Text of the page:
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1. Pathak KA, Khanna R, Khanna NN. Situs inversus with cholelithiasis. J Postgrad Med. 1995 AprJun;41(2):45-6. [PubMed] 2. Jobanputra S, Safar B, Wexner SD. Laparoscopic diverticular resection with situs inversus totalis (SIT): Report of a case. Surg Innov. 2007 Dec;14(4):284-6. [PubMed] 3. Kang SB, Han HS. Laparoscopic exploration of the common bile duct in a patient with situs inversus totalis. J Laparoendosc Adv Surg Tech A. 2004 Apr;14(2):1036. [PubMed] 4. Tiwari A, MacMull S, Fox S, Jacob SA. Left sided abdominal pain in a patient with situs inversus. Clin Anat. 2006 Mar;19(2):154-5. [PubMed] 5. Morelli SH, Young L, Reid B, Ruttenberg H, Bamshad MJ. Clinical analysis of families with heart, midline, and laterality defects. Am J Med Genet. 2001 Jul 15;101(4):388-92. [PubMed] 6. Kumar S, Fusai G. Laparoscopic cholecystectomy in situs inversus totalis with left-sided gall bladder. Ann R Coll Surg Engl. 2007 Mar;89(2):W16-8. [PubMed] 7. Casey B. Genetics of human situs abnormalities. Am J Med Genet. 2001 Jul 15;101(4):356-8. [PubMed] 8. Maldjian PD, Saric M. Approach to dextrocardia in adults: Review. AJR Am J Roentgenol. 2007 Jun;188(6 Suppl):S39,49; quiz S35-8. [PubMed] 9. Docimo G, Manzi F, Maione L, Canero A, Veneto F, Lo Schiavo F, et al. Case report: Laparoscopic cholecystectomy in situs viscerum inversus. Hepatogastroenterology. 2004 Jul-Aug;51(58):958-60. [PubMed] 10. Aydin U, Unalp O, Yazici P, Gurcu B, Sozbilen M, Coker A. Laparoscopic cholecystectomy in a patient with situs inversus totalis. World J Gastroenterol. 2006 Dec 21;12(47):7717-9. [PubMed] 11. Ersoy E, Koksal H, Ege B. Laparoscopic gastric banding for morbid obesity in a patient with situs 3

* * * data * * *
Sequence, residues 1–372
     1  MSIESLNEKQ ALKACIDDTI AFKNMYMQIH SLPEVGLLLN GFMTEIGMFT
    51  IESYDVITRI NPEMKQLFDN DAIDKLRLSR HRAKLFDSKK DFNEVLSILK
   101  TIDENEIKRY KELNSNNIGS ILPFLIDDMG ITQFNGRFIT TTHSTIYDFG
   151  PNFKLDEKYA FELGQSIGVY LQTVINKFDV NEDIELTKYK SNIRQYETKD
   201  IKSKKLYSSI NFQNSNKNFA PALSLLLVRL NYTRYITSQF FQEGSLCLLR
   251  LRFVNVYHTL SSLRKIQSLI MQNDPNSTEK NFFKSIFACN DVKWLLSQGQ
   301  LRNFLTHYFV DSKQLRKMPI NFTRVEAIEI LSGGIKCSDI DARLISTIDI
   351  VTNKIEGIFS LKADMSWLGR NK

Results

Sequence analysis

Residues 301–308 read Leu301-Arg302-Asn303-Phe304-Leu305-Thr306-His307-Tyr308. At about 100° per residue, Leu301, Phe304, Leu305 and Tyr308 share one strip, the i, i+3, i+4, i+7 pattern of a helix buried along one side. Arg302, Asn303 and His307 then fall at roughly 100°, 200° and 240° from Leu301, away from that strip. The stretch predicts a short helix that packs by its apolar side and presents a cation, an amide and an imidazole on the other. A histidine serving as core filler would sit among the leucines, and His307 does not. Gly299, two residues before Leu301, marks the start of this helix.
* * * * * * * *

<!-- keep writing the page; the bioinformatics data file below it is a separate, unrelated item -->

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Cholecystitis in Situs Inversus Totalis inversus totalis. Obes Surg. 2005 Oct;15(9):1344-6. [PubMed] 12. Fujiwara Y, Fukunaga Y, Higashino M, Tanimura S, Takemura M, Tanaka Y, et al. Laparoscopic hemicolectomy in a patient with situs inversus totalis. World J Gastroenterol. 2007 Oct 7;13(37):5035-7. [PubMed] 13. Catheline JM, Rosales C, Cohen R, Bihan H, Fournier JL, Roussel J, et al. Laparoscopic sleeve gastrectomy for a super-super-obese patient with situs inversus totalis. Obes Surg. 2006 Aug;16(8):1092-5. [PubMed] 14. Tsung A, Feliz A, Kane TD. Laparoscopic nissen fundoplication in an infant with situs inversus. J Laparoendosc Adv Surg Tech A. 2007 Oct;17(5):698-700. [PubMed] 15. Koo KP. Laparoscopic nissen fundoplication in a patient with situs inversus totalis: An ergonomic consideration. J Laparoendosc Adv Surg Tech A. 2006 Jun;16(3):271-3. [PubMed] 16. Palanivelu C, Rangarajan M, John SJ, Senthilkumar R, Madhankumar MV. Laparoscopic appendectomy for appendicitis in uncommon situations: The advantages of a tailored approach. Singapore Med J. 2007 Aug;48(8):737-40. [PubMed]